Permission granted

Ross’s request to Commissioner of the Bureau of Indian Affairs (BIA) John Collier to visit and film in southwestern Indian reservations and pueblos was granted within a week. However, not long after having recommended Ross to his field agents as an “interesting and affording contact”, Collier received a terse note from his superior, Secretary of the Interior Harold Ickes, telling him that Ross “is a Nazi”. The following week Collier qualified his message to his people in the field in the referenced memo of December 21, 1938.

Among this set of documents the December 21 memo is particularly interesting. Not merely because it captures the divergent views of Ross within the administration, but also because it reflects BIA Commissioner Collier’s ambiguous position. On the one hand, Collier duly warned his superintendants in the field of Ross’s Nazi connections. On the other, he was evidently reluctant to withdraw his permission, as he must have seen in Ross’s visit and film activities an opportunity to propagate his own policies. Moreover, he may well have been impressed by the ten editions of the 1935 book Amerikas Schicksalsstunde that Ross had mentioned in his letter of December 2. And if the two had indeed met personally on December 6, 1938, Ross would certainly have pointed out that he had devoted an entire section of that book to the Pueblo Indians—Collier’s “ideal Indians”—and written about the promises of the 1934 Indian Reorganization Act, for which Collier had lobbied hard. The absence of an English translation presumably allowed Collier to call Ross in this memo a man of “wide culture and intellectual endowment” with impunity.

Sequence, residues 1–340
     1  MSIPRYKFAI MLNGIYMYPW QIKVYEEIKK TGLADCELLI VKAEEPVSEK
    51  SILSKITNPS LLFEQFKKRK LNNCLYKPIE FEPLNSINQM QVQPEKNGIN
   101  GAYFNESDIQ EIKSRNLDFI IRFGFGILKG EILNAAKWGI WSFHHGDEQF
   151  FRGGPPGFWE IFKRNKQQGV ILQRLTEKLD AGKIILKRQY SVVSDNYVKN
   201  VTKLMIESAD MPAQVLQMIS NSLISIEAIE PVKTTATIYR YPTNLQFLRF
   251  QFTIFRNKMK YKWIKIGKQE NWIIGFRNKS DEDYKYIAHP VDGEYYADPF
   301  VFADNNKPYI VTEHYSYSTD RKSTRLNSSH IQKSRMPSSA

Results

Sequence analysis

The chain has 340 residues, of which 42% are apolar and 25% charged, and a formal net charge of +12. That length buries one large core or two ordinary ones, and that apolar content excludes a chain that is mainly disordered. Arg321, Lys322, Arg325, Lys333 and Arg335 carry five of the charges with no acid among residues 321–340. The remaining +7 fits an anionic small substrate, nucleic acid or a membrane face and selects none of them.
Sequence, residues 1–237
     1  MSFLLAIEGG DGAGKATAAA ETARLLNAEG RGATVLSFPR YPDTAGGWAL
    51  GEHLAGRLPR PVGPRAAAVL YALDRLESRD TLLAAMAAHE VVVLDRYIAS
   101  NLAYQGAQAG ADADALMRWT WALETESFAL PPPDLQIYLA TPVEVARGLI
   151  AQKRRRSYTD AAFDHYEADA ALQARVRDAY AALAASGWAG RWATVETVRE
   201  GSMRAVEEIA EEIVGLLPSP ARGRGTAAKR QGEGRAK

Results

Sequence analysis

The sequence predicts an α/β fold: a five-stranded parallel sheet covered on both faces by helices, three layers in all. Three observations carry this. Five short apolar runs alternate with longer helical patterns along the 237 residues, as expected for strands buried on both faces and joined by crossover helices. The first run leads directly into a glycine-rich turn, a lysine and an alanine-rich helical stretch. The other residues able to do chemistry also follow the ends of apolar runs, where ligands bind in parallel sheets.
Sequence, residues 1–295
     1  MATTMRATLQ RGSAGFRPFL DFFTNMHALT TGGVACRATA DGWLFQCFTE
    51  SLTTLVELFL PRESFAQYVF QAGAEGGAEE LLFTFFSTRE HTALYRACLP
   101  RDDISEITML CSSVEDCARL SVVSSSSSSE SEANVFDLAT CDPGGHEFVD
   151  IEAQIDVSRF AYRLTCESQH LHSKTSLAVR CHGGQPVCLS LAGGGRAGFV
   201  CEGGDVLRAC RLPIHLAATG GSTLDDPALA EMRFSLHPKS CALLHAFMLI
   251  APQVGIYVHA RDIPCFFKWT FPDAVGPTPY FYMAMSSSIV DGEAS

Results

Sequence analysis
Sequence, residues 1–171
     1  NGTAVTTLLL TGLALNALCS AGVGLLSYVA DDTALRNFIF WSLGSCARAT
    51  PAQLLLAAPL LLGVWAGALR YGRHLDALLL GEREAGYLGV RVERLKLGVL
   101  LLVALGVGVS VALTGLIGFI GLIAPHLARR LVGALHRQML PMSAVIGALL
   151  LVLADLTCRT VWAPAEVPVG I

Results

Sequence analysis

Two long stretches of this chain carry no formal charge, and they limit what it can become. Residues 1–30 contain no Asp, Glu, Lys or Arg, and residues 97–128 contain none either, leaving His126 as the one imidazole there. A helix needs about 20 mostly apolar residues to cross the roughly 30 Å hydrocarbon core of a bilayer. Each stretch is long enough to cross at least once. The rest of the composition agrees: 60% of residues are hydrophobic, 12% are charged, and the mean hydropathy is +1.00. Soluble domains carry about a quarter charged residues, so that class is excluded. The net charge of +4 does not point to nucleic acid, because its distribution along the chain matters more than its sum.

Nico de Klerk








• John Collier, Commissioner of the Bureau of Indian Affairs,  Letter to Colin Ross; Washington, D.C., 1938 December 8

• John Collier, Commissioner of the Bureau of Indian Affairs,  Letter to Henry L. Newman, Field Agent, Mescalero Agency, Mescalero, NM [cc’ed to other agencies in the southwest]; Washington, D.C., 1938 December 8

• Harold Ickes, Secretary of the Interior, Memorandum to John Collier, Commissioner of the Bureau of Indian Affairs; Washington, D.C., 1938 December 12

• John Collier, Commissioner of the Bureau of Indian Affairs,  Memorandum to Superintendants Aberle, Newman, McCray, Hall, Wilson and Fryer; Washington, D.C., 1938 December 21, National Archives and Records Administration. Washington, D.C. 5677405. Entry 178; box 15. Ross Dr. Colin...German Nazi propaganda in U.S. Colin Ross. Record Group 75 Office files of Commissioner John Collier. Records of the Bureau of Indian Affairs. National Archives Bldg., Washington, D.C.


Topic: Indigenous peoples
Case: American journeys


See also


in Mind Map
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